RMCs can be produced in one of several ways. WCl6 and MoCl5 are produced through the chlorination of crude tungsten or molybdenum metal powder in a stream of chlorine above 600°C. A surplus of chlorine in the process is necessary to prevent the generation of the lower chlorides. With their low boiling points of 346°C (WCl6) and 268°C (MoCl5), W(VI)- and Mo(V)- chlorides are gaseous under these conditions. The gaseous chlorides are cooled and crystallized as violet (WCl6) or dark green to black (MoCl5) crystals. The chlorination takes place under a nitrogen atmosphere, due to the air sensitivity of these chlorides (see Figure 1).
2 Mo + 5 Cl2
FeTa/Nb + 7 NaFeCl4 + NaCl
The volatile chlorides evaporate out of the melt, and the tetrachlorides of silicon, tin and titanium (which have boiling points between 57 and 136°C) are separated by cooling from TaCl5, NbCl5 and WOCl4 (which have boiling points between 228 and 248°C, respectively). The chlorides of Nb and Ta are purified via a distillation process. NbCl5 (yellow crystals) and TaCl5 (colorless crystals) from this process are very pure. The total amount of metallic impurities is less than 50 µg/g.
Applications A simple literature or patent database search clearly demonstrates the widespread use of RMCs in a variety of industries, including semiconductors, catalysts, energy and nanotechnology.
Semiconductors Due to the shrinking dimensions of integrated chips (ICs) and the increasing aspect ratios in semiconductor devices, the role of alternative deposition techniques, such as chemical vapor deposition (CVD) and atomic layer deposition (ALD), is expected to increase. This is because the current deposition method, physical vapor deposition (PVD), has certain limitations that can be overcome by CVD and ALD. However, CVD and ALD require a new set of deposition precursors, and this is where the RMCs come into play.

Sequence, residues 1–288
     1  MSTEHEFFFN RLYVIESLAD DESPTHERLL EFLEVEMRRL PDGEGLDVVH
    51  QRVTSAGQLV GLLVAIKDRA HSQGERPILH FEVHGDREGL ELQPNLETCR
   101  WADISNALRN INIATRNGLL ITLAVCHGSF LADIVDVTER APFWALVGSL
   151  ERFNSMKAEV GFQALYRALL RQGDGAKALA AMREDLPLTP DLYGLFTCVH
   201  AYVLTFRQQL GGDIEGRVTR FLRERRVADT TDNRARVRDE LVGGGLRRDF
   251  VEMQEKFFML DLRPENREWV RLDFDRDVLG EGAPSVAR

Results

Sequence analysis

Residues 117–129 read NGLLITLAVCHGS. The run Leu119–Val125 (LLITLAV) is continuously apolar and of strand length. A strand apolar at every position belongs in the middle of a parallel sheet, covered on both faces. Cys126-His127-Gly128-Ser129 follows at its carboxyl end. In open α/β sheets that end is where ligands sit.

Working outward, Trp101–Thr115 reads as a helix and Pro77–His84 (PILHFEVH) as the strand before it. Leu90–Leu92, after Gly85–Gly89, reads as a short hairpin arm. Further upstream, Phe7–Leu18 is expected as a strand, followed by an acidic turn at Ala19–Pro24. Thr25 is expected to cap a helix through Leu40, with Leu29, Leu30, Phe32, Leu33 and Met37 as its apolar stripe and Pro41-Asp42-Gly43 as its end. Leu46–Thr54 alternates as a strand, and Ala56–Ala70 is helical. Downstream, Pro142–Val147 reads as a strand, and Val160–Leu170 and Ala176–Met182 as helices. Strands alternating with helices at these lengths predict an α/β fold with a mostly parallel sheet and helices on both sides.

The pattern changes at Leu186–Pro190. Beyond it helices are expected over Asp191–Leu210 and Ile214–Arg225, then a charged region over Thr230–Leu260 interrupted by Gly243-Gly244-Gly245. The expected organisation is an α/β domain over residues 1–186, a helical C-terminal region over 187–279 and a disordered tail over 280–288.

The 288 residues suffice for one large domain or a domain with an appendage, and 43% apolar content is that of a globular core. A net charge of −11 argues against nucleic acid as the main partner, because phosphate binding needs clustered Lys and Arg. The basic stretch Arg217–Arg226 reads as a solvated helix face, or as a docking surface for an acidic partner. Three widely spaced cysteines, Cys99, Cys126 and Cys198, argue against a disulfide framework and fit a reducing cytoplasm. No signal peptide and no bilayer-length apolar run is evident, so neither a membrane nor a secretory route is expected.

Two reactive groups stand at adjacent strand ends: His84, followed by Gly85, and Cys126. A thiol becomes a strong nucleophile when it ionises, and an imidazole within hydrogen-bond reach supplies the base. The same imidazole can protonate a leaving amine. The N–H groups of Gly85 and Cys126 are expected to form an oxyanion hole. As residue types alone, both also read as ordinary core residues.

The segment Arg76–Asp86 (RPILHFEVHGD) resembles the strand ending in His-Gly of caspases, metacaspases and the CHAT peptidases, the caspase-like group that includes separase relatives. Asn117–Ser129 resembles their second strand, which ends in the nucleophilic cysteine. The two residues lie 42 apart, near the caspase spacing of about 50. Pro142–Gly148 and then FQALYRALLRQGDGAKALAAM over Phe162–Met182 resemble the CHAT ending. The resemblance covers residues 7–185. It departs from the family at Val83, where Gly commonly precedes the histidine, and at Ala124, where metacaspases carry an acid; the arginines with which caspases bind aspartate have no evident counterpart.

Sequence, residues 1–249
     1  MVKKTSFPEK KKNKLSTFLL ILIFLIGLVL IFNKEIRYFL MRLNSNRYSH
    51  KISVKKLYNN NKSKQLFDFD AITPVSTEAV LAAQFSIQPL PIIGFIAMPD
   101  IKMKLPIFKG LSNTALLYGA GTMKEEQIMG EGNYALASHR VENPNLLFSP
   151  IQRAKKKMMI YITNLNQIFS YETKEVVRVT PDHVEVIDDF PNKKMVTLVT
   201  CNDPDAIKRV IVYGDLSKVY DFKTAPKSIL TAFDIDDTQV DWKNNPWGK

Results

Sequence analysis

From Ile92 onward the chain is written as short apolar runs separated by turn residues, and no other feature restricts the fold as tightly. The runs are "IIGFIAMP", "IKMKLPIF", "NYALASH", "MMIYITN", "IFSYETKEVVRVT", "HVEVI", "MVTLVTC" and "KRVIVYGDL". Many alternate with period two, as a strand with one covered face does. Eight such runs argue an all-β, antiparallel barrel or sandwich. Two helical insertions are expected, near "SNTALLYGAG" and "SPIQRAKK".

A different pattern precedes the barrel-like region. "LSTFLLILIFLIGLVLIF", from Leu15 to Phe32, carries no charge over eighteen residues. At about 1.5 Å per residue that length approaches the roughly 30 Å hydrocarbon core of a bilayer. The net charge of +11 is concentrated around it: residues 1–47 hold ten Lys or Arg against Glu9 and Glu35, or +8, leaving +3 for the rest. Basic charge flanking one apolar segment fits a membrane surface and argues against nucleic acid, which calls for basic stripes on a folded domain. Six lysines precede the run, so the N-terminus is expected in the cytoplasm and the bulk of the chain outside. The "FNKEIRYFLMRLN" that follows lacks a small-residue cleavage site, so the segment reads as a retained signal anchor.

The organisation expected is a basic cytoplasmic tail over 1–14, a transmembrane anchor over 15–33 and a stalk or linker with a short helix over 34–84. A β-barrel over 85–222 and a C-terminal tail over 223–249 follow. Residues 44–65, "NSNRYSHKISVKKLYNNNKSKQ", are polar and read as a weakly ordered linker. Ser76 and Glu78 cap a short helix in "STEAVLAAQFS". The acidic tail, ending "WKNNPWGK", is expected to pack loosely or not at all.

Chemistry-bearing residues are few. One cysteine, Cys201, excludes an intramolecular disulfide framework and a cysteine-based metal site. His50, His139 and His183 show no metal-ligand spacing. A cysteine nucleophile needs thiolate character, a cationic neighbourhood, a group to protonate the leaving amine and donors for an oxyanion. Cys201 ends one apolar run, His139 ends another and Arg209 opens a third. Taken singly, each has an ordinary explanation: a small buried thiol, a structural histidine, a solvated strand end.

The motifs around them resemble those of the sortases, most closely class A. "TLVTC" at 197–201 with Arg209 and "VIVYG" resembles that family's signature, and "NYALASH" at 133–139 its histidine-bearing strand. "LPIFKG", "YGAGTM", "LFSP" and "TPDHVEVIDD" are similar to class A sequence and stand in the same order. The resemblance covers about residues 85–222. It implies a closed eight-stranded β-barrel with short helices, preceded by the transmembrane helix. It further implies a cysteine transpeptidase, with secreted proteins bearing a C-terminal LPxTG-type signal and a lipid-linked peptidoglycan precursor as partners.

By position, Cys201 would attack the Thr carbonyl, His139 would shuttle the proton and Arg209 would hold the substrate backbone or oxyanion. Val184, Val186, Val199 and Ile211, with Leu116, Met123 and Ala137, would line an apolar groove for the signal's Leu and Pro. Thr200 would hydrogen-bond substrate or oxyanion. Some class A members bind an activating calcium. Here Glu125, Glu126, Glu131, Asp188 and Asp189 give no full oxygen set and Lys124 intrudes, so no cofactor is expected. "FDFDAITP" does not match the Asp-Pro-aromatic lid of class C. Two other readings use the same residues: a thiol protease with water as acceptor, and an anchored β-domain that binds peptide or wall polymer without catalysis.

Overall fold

Two major groups of metalorganic precursors-metal alkoxides and metal amides-currently being tested by semiconductor companies are synthesized from RMCs through reactions with alcohols and amines, respectively. The products include compounds such as Ta-ethoxide, PDMAT (pentakis dimethylamino tantalum) and TBTDET (t butylimino tris diethylamino tantalum), which can be used to generate Ta2O5 high-k films in memory devices (using Ta-ethoxide)1 and TaN diffusion barriers.
Although much of the industry has focused on chloride-derived products for precursor development, it is worth mentioning that the chlorides themselves can be used directly as precursors in their high-purity form. As an example, U.S. patent no. 6,900,129 describes a CVD method for depositing high-quality conformal Ta and tantalum nitride (TaNx) films from TaCl5 and other inorganic tantalum pentahalide (TaX5) precursors at 300-500°C.2
The use of Nb or Mo chlorides has also been described in the production of lithium secondary batteries. In one example, a high-voltage lithium secondary battery's performance is enhanced by selecting alternative materials for the positive electrode.6 Such alternative materials include lithium-manganese oxides, in which manganese is partially substituted by, among others, Nb or Mo, for which NbCl5 and MoCl5, respectively, were used in the preparation.
Pulp and Paper. TaCl5 has been used as a precursor material in the production of the oxide electrode Ti/Ta2O5-IrO2 used in the oxidation of sulfides to treat waste products in the pulp and paper industry.10